Clarifying terms & Please answer any SEVEN of the following ten prompts:
- How do we learn/acquire culture?
- What’s the difference between ASSIMILATION and ACCULTURATION?
- What’s the difference between RACE and ETHNICITY?
- From our readings, we have a working definition of CULTURE, so we know what it means. But what is the function or purpose of culture in society?
- Does culture mean something different to us as individuals? Explain.
- What is CULTURAL RELATIVISM & why is it an important practice?
- What is ETHNOCENTRISM & why is it problematic?
- Think about the “What is Culture – web lecture” PDF that you viewed. It had a few examples of how culture & being from a minority/microculture could affect people in various ways, such as the difference in the IQ tests for American vs Aboriginal cultures & the video clip from the 1970s TV series, Good Times. Had you ever considered how much of an impact culture can have on our daily lives? What other experiences or issues might culture shape in this manner?
- How is our idea of “normal” related to culture?
- In Tatum’s “The Complexity of Identity,” she says that “most of us will find that we are both dominant and targeted at the same time. But it is the targeted identities that hold our attention and the dominant identities that often go unexamined” (11). Why is this? Should we spend more time understanding how we fit into the dominant categories? Why/why not?
Personal identity – Please answer ONE of the following two prompts:
- What are some subcultures that you fit into (look at the slide in “What is Culture – 2018” for examples)? What might be some of the practices of these subcultures that might seem strange to those outside of the subculture? Think about how Sedaris explores the view of Easter from a different view, for example.
- Think about your introductory posts & how you learned certain values & behaviors from your family/friends – how are these informed by your culture?
Readings – select one of the pieces & answer the three prompts given for it (meaning you will only respond to EITHER “A Single, Lucid Moment” or the “Nacirema” piece, not both):
“A Single, Lucid Moment” questions:
- Where can you find examples of ethnocentric views of the missionaries towards the Maimafu? How do their description & views of the Maimafu affect our views of them?
- In some cultures, like the Maimafu, people believe the group is responsible for the well-being of each and every individual; in other cultures, people believe that individuals are primarily responsible for themselves. Is one way better than the other? Why or why not?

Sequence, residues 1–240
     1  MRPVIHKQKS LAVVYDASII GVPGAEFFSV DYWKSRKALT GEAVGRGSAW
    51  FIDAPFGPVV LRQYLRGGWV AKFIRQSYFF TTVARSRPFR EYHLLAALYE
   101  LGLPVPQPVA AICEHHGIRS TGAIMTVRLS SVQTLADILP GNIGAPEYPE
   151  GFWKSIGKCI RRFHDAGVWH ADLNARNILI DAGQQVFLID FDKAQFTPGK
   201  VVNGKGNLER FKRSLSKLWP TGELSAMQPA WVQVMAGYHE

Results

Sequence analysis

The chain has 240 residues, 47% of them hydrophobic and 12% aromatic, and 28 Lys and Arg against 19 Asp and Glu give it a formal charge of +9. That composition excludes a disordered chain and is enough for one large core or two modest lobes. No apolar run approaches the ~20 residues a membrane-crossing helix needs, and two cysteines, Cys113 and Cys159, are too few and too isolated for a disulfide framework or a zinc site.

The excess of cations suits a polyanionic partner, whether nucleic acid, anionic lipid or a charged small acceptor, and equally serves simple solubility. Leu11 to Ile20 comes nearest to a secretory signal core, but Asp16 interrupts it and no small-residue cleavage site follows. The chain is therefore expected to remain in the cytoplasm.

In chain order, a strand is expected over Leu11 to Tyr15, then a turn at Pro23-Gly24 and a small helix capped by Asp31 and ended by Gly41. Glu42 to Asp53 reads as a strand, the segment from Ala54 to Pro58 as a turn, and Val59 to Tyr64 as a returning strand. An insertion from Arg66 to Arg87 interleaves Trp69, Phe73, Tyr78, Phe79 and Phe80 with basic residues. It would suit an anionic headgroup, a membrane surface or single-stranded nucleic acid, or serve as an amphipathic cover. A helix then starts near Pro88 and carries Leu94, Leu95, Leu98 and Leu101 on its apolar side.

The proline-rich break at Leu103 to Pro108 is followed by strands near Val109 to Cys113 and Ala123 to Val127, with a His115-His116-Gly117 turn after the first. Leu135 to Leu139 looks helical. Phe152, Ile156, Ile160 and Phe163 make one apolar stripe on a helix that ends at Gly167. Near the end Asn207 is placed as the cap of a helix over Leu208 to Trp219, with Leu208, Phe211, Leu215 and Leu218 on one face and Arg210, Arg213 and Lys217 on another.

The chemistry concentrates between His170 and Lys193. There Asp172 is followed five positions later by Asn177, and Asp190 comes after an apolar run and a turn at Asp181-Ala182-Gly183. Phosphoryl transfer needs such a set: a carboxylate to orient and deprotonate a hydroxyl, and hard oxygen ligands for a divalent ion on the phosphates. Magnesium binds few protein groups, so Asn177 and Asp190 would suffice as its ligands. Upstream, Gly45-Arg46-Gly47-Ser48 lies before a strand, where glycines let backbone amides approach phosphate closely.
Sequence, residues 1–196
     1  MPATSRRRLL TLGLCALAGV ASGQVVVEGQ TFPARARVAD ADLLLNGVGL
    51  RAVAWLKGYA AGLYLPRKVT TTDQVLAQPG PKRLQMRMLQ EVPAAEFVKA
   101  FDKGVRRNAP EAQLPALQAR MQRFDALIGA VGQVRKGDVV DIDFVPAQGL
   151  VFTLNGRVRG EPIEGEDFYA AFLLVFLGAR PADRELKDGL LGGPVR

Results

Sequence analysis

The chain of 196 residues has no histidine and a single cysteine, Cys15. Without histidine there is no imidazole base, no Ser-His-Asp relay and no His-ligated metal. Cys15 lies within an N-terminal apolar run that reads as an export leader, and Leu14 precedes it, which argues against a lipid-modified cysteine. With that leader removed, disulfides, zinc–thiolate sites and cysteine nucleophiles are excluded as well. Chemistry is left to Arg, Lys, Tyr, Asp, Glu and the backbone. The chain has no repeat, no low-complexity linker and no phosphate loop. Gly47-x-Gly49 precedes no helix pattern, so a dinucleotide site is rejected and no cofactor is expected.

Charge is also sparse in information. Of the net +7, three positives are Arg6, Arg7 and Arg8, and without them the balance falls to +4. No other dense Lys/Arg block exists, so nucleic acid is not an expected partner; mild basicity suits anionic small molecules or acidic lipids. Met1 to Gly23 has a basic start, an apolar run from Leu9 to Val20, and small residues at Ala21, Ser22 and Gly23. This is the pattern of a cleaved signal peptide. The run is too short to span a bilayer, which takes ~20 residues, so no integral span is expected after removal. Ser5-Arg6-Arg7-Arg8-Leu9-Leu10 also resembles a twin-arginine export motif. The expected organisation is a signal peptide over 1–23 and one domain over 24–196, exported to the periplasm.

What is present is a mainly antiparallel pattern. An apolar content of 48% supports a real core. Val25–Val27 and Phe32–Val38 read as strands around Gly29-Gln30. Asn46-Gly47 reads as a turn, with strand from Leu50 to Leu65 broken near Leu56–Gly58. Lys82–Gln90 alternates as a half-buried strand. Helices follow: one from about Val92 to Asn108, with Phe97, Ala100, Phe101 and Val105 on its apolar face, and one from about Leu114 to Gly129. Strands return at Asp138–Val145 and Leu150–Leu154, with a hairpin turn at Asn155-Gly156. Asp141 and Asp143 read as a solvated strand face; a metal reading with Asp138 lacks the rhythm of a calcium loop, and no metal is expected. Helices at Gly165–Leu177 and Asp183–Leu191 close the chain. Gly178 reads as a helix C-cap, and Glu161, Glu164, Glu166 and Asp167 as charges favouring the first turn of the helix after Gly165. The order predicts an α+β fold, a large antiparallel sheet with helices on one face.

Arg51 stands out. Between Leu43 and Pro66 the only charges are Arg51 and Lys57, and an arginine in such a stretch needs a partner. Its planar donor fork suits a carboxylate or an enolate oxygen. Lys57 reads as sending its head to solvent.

- Do you think this is an either/or situation? Or is it possible to achieve a balance between the two beliefs? If so, how might this balance be accomplished? If not, why not?
- How does Miner use our own sense of ethnocentrism to dupe us?
- What is the purpose of presenting our own culture in such a way? How does this help us to be less ethnocentric and more relativist?
- What is the meaning of the ending quote from Malinowski?
Worldview & Values – Everyone answer this prompt:
- Go back & look at the paragraph you wrote about your values & worldview, then compare it to the results of the Worldview Quiz you took. Here, please explain whether your view matched the quiz results or how they compared, whether you agree, etc.
As the final part of this discussion board, I want you to respond to two classmates with responses of 75 words or more. Your responses should use at least one of the following patterns & may address any aspect of their discussion board posts:
- Affirmations (i.e. “I really like that,” “I wouldn’t have thought of that,” “That helps me see the text in a new way,” etc.)
- Elaborations (i.e. “You know what that makes me think of is . . .” “Another thing that goes along with that is . . .” “This additional passage also ties into that . . .” etc.)
- Connections (i.e. “We noticed that too,” “That connects to something our group was asking,” “We came at something similar from a little different angle,” etc.)
- Questions (i.e. “Why do you think ___?” “Can you say more about ___?” “How is that related to ___?” “Did your group consider ___?” etc.)
- Divergences (“I see your point, but . . .” “A different perspective on that is . . .” “A passage in the text that might contradict that is . . .” etc.)